Saturday morning I headed out at 6am with a specific goal in mind...find and photograph an Eastern Meadowlark. I stopped at a nearby spot with good light and where I thought I had caught a glimpse of an Easter Meadowlark earlier in the week. While I successfully located and photographed a Meadowlark, I was unable to get into a good position and ultimately failed to capture a really good image. It's just the way it goes sometimes. While I was waiting patiently for the meadowlark to move into a better position, I realized there was a bird doing it's best to put on a show for me. It was a Dickcissel singing it's little heart out. Funny how I drown out what it going on around me sometimes, especially when I am really focused on another target. As you read the following description on the Dickcissel, you will find some irony between the bird I was after verses the bird I ended up capturing in this image.
"A sparrow-like bird of the prairie grasslands of the United States, the Dickcissel congregates in huge flocks in migration and on its tropical grassland wintering grounds. The breeding male is colored like a tiny meadowlark, with a black "V" on a yellow chest"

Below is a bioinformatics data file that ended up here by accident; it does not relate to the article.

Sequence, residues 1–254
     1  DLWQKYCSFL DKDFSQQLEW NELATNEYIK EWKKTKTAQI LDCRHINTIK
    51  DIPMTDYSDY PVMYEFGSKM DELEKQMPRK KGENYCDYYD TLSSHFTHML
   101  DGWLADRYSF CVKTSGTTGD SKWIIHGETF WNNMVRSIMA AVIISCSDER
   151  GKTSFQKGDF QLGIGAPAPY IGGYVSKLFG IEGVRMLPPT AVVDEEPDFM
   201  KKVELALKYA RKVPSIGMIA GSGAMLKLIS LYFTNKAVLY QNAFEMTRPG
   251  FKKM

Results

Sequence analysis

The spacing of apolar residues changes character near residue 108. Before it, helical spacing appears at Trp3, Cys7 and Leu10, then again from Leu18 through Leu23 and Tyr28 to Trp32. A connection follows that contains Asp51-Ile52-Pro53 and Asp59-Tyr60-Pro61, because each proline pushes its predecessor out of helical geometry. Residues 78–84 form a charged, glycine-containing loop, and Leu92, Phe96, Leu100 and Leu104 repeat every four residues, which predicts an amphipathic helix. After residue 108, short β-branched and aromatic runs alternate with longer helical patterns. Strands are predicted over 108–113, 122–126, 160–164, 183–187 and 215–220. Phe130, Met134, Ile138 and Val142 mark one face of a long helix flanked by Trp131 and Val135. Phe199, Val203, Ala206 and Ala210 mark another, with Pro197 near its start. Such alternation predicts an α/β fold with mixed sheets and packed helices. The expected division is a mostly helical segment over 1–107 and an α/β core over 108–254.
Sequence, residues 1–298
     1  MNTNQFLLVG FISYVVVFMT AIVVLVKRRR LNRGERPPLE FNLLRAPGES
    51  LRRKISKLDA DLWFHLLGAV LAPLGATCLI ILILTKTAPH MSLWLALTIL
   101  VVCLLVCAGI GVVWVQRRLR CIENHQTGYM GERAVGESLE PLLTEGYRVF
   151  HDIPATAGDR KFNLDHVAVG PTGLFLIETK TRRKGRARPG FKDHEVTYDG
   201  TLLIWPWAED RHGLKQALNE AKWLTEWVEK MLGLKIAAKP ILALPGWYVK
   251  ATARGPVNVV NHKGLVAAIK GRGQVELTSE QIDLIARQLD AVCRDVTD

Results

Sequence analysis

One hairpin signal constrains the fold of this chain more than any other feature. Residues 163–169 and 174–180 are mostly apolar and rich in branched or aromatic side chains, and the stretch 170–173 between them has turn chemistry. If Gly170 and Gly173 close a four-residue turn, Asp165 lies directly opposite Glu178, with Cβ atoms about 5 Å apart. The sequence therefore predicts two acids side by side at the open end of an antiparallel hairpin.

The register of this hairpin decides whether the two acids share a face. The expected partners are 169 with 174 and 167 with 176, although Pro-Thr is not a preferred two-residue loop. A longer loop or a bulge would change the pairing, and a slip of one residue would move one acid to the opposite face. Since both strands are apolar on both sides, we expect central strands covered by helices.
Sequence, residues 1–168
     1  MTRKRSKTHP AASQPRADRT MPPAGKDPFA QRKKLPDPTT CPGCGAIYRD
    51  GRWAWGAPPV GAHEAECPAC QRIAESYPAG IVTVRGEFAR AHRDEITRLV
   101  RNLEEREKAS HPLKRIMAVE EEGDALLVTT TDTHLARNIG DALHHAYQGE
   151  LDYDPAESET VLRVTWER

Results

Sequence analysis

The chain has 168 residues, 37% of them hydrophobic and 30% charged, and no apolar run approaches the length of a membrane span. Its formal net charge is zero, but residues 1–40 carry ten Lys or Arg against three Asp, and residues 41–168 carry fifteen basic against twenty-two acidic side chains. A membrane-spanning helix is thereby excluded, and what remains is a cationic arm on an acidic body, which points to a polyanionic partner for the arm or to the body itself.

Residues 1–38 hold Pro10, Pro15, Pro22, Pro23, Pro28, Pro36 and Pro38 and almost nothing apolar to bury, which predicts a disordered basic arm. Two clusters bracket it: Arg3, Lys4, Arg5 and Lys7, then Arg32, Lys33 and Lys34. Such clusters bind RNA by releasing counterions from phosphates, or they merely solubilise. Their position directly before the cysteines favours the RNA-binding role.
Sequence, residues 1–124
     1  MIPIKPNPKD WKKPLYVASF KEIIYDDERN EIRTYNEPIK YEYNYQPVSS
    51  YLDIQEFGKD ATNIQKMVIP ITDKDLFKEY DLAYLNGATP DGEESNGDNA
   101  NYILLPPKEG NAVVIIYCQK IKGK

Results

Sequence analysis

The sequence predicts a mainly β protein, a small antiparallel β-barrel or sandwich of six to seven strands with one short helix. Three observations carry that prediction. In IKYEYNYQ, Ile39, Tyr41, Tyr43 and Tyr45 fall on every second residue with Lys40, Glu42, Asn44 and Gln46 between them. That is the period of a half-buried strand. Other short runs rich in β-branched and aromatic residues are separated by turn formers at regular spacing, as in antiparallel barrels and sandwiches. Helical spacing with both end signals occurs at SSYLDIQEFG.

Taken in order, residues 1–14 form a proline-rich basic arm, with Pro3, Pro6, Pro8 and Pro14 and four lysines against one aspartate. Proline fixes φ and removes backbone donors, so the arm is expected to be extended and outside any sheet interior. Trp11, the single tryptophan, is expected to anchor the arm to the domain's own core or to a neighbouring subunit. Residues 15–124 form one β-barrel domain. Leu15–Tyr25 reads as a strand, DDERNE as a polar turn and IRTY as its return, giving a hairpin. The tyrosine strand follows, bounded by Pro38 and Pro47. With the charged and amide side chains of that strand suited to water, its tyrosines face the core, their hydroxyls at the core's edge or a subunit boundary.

In the Midwest in summer, male Dickcissels sometimes seem to sing their name from every wire, fencepost, or weed stalk in prairie or farming country. Very erratic in summer occurrence, they may nest in large numbers in an area one year and be totally absent there the next, presumably as a response to rainfall and its effect on habitat. Away from their mid-continent stronghold, migrant Dickcissels are often detected by their electric-buzzer callnote as they fly overhead. Most winter in the tropics, but a few spend the winter at bird feeders in the Northeast, where they usually flock with House Sparrows.